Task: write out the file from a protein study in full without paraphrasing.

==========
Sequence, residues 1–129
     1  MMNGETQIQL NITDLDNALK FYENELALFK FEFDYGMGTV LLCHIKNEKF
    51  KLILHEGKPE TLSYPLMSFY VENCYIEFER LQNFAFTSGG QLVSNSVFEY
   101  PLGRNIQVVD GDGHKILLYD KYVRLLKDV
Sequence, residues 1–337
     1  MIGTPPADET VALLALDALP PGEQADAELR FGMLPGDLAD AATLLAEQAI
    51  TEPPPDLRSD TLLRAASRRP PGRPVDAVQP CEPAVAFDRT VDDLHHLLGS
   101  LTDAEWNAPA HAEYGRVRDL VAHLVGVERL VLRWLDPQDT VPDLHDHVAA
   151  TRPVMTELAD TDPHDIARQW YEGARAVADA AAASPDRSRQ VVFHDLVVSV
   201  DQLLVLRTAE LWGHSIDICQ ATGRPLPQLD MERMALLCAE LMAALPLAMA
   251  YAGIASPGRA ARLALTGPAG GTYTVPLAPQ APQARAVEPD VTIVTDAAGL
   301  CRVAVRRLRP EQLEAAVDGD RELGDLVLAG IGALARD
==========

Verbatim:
Sequence, residues 1–129
     1  MMNGETQIQL NITDLDNALK FYENELALFK FEFDYGMGTV LLCHIKNEKF
    51  KLILHEGKPE TLSYPLMSFY VENCYIEFER LQNFAFTSGG QLVSNSVFEY
   101  PLGRNIQVVD GDGHKILLYD KYVRLLKDV
Sequence, residues 1–337
     1  MIGTPPADET VALLALDALP PGEQADAELR FGMLPGDLAD AATLLAEQAI
    51  TEPPPDLRSD TLLRAASRRP PGRPVDAVQP CEPAVAFDRT VDDLHHLLGS
   101  LTDAEWNAPA HAEYGRVRDL VAHLVGVERL VLRWLDPQDT VPDLHDHVAA
   151  TRPVMTELAD TDPHDIARQW YEGARAVADA AAASPDRSRQ VVFHDLVVSV
   201  DQLLVLRTAE LWGHSIDICQ ATGRPLPQLD MERMALLCAE LMAALPLAMA
   251  YAGIASPGRA ARLALTGPAG GTYTVPLAPQ APQARAVEPD VTIVTDAAGL
   301  CRVAVRRLRP EQLEAAVDGD RELGDLVLAG IGALARD